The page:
2013 has been one of the most eventful years in Sightsavers’ 48 year journey in India so far. While we are proud to have a rich and solid history behind us, we have always been an organisation driven by dynamism and a forward-looking approach to meet the challenges of the future. In this respect, the most important development of the year has been the development of a brand new strategy to guide our work over the next five years.
The new strategy denotes a marked shift from a ‘service delivery’ to a ‘systems strengthening’ approach. Instead of providing solutions at an individual or local level, our interventions will be increasingly focussed on bridging the gaps in the existing machinery and building sustainable systems to take on eye health and disability-related challenges of the coming era.
In addition to the roll-out of the new strategy, Sightsavers’ Kishanganj project was also a major success in demonstrating the effectiveness of the Public-Private Partnership (PPP) model. Not only did the Government of Bihar pass an order to appoint a full-time ophthalmologist at the district hospital in Kishanganj, it also issued consent to scale up the project in seven neighbouring districts. Kishanganj is currently the highest performing district in the state in terms of sight-restoring surgeries.
Sightsavers also initiated an exciting eye health project in the Sunderbans, as well as comprehensive eye care projects in select rural areas and urban slums of Madhya Pradesh. On the advocacy front, Sightsavers’ continued efforts in lobbying with public and private sector banks to promote accessible banking yielded strong results, with over 7000 accessible ATMs being installed across the country. Our digital campaign on World Sight Day was another major success that significantly increased our presence on social media platforms.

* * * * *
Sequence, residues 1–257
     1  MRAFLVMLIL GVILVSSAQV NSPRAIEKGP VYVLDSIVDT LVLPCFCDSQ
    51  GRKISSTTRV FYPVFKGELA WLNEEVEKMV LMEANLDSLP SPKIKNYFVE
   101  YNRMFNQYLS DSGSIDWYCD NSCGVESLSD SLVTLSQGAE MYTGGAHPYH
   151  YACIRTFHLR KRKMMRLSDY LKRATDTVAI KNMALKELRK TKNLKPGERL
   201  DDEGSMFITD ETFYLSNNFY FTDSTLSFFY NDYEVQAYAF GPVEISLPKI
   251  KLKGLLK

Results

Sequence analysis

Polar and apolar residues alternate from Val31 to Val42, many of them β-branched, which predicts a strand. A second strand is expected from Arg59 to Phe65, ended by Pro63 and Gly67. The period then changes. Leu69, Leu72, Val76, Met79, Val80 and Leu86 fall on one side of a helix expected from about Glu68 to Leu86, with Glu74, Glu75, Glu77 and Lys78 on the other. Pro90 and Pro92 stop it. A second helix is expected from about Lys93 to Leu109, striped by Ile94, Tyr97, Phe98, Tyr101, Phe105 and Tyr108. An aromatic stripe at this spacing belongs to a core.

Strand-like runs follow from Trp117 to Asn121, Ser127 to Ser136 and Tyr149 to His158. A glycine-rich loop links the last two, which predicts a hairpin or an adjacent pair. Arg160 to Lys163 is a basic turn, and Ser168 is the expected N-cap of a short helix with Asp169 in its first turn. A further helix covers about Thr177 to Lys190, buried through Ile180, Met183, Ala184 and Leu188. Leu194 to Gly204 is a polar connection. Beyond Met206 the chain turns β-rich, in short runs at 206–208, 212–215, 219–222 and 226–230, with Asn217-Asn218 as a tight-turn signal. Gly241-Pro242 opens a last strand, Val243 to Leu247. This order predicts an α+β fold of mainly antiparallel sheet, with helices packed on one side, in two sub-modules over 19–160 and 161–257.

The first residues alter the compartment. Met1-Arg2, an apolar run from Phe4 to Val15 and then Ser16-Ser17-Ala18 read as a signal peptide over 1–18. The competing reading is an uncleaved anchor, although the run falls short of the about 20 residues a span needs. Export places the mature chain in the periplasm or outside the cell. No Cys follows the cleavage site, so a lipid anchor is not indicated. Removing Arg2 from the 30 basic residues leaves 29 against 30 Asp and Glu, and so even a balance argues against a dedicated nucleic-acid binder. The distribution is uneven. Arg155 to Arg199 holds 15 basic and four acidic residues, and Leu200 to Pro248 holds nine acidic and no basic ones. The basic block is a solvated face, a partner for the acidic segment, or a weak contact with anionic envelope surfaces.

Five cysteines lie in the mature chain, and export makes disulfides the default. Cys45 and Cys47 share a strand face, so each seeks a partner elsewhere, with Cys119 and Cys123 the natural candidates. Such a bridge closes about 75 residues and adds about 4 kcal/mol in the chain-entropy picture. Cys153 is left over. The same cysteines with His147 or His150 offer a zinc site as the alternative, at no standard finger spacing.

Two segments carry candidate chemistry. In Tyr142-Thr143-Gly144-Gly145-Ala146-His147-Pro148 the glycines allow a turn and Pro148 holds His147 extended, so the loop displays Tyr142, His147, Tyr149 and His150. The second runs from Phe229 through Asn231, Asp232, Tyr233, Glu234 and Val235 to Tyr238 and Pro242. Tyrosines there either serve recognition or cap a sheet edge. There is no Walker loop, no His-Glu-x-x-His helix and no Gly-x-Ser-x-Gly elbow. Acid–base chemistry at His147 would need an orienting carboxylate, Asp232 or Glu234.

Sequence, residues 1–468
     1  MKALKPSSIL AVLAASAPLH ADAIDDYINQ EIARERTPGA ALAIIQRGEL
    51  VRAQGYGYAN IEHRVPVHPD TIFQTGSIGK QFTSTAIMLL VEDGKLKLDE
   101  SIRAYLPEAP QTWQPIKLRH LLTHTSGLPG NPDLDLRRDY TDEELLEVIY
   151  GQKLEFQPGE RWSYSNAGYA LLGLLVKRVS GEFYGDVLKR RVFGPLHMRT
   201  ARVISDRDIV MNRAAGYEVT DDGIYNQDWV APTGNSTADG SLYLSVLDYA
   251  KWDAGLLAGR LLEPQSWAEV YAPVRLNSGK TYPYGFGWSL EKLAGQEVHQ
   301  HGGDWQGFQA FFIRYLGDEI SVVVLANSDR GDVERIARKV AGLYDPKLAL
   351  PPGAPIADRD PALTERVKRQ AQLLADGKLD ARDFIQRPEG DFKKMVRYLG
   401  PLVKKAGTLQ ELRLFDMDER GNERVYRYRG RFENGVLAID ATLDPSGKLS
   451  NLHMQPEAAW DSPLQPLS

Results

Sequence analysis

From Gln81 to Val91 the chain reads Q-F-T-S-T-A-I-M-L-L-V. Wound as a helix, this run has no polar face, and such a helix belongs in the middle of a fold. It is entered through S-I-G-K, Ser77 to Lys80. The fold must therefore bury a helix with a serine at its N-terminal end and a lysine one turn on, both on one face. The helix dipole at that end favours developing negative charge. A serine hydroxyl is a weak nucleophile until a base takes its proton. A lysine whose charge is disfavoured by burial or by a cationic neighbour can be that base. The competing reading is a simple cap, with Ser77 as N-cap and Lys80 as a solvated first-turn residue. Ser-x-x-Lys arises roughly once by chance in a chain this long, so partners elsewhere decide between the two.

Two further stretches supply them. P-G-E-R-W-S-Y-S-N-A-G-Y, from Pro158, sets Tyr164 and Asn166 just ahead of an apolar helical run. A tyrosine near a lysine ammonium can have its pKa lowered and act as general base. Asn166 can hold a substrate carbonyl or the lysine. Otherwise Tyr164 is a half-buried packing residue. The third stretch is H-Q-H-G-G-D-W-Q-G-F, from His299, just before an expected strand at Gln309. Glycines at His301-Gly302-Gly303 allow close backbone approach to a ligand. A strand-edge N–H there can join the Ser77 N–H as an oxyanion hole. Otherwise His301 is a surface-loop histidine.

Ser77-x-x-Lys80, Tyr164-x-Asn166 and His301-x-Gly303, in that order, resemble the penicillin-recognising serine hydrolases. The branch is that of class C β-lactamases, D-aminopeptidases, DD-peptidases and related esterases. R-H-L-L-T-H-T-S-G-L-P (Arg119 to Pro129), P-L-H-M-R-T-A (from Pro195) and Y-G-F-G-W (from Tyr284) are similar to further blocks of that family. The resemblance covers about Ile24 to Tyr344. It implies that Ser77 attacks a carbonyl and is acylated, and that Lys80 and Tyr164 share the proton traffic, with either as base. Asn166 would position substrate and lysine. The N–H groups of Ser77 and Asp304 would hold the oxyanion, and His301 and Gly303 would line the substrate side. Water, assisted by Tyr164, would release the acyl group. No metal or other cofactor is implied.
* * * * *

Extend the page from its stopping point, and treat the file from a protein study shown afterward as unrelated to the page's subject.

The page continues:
Looking ahead towards the future, I am confident that Sightsavers’ new strategy will help redefine the way public health care and disability programmes are executed in India. I am also hopeful that our efforts in becoming a more innovation-driven organisation will propel our impact even further in the coming years. The future certainly holds exciting prospects for us.
I wish to thank all our colleagues and partners for their diligent and unflinching hard work, and the India Board for its unwavering support. Last but not least, I wish to thank all our supporters for their continued belief in us. Together, we will continue to impact lives and assist the long-term development of our country.
India is home to over 9 million truck drivers. Truck drivers play a significant role in transporting India’s freight; however their unorganised nature of work prohibits them to take their health issues seriously.
India is home to the largest population of blind people in the world. Over 12 million people in India are blind, of which nearly 88% of the blindness was unavoidable.